- Selenium Hexafluoride: This compound is useful for insulating electricity when a gaseous insulator is required.
- Silica: This is another name for silicon dioxide, and it has many different forms. Silica is broadly used in paints, rubber and composites, as well as an inert carrier in pharmaceuticals.
- Silver: Silver is used for ornaments, jewelry, silverware, dental fillings, electronics, photograph development, disinfecting water, and as an aid to help people quit smoking.
- Strontium: Compounds of strontium are useful in manufacturing pyrotechnics, pigments for paint, fluorescent lighting, medicine, and glass and ceramic products.
- Sulfur Dioxide: This pungent gas is produced during volcanic eruptions and from burning fossil fuels.
- Synthetic Vitreous Fibers: Divided into glass fibers, mineral wool, and refractory ceramic fibers, these fibers are used for insulation. Refractory ceramic fibers are used for insulating furnaces since asbestos is carcinogenic and is not as widely used anymore.
- Thallium: Electronics in the semiconductor world, including closures and switches, rely on thallium. Certain medical glass also uses thallium.
- Thorium: Thorium is used in mantles for gas lanterns, aerospace metals, nuclear reactions, and ceramics.
- Tin and Its Compounds: Tin is extremely widely used. It comprises food cans and is used in making plastics, pipes, paints, pesticide products, and much more.
- Titanium Tetrachloride: This compound is what manufacturers use to make metallic titanium. Additionally, it forms white paint pigments and various other products and chemicals.
- Tungsten: Tungsten has many uses: light bulbs, electrodes in welding, golf clubs, fishing weights, needles for record players, bullets, X-ray tubes, tools, gyroscope wheels, and much more.
- Uranium: Uranium's isotope 235U is what creates power in nuclear reactors and weaponry.
- Vanadium: Certain types of steel use vanadium, and these are most commonly found in ball bearings, springs, and other parts in automobiles. In the United States, the majority of vanadium extracted goes into steel production.
- Zinc: Zinc prevents rust on cars and machinery, in alloys, rubber, preservatives for wood, ointments, dyes, and paint.
Where Is Inorganic Chemistry Used?
Given that inorganic compounds have so many widespread uses — chemical catalysts, paint, pesticides, jewelry, medicine, fuel, and much more — they are used in a huge number of industries. Whether it is in manufacturing microchips or mining for raw materials, inorganic chemistry is crucial for many processes.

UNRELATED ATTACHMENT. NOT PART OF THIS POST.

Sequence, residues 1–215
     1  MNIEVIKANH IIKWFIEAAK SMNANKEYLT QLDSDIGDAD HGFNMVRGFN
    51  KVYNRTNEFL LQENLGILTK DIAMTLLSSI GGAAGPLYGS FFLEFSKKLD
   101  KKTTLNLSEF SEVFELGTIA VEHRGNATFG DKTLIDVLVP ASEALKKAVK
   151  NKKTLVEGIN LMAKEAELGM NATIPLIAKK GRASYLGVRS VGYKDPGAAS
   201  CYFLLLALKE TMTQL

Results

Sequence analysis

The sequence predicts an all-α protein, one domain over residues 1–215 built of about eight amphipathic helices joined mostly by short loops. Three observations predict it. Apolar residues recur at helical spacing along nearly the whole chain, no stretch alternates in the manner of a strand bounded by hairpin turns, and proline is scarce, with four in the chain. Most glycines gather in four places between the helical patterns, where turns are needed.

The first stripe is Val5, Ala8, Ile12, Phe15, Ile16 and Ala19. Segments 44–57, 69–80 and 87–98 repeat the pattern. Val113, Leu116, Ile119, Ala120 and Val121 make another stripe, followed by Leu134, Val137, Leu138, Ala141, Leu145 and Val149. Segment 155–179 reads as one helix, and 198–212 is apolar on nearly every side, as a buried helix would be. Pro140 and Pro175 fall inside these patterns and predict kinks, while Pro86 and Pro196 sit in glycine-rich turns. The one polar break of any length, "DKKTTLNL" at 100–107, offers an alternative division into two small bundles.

Inorganic chemists can find work for the government, in industry, among academic institutions, and in the private sector. Often, the job is similar to that of a physicist or material scientist — the primary objective is to study the molecular realm of physical attributes and behavior of substances. Some of the industries that employ inorganic chemists include:
- Environmental Science: Contamination is an ever-present threat to the natural world. Inorganic scientists are constantly needed to explore the effects of chemicals and additives to the environment. This includes studies of chemistry in the atmosphere, in water, and in the soil. Often, inorganic scientists must discern what chemicals are naturally present in an environment before contamination.
- Microchips: Silicon and other inorganic compounds form the basis for electronic circuitry, and with the exponentially increasing role of technology in today's world, this requirement is growing stronger. Inorganic chemists are needed for the process of infusing trace elements into thin surfaces of semiconductors, as well as sensors for medical devices. This type of work is high-precision and is very rewarding for those who enjoy detail-oriented work.
- Plastics and Fibers: This is a massive field with a huge number of manufacturers. Fibers can include textiles, microfibers, polymers, paper, carbon fiber, polyethylene, and more. Plastics comprise everything from consumer electronics to spacecraft.
- Paint and Pigments: Most materials are treated with paint, pigments, or surface coatings. Inorganic pigments are typically made from metallic oxides or salts. These are used for giving color to plastics, fabrics, food, paint, and many other materials.
- Mining: Essentially every material that isn't agriculturally or scientifically produced has to be extracted from the earth. Whether it is iron ore, uranium, limestone, oil, or natural gas, mining is in constant need of inorganic chemists to ensure smooth operations.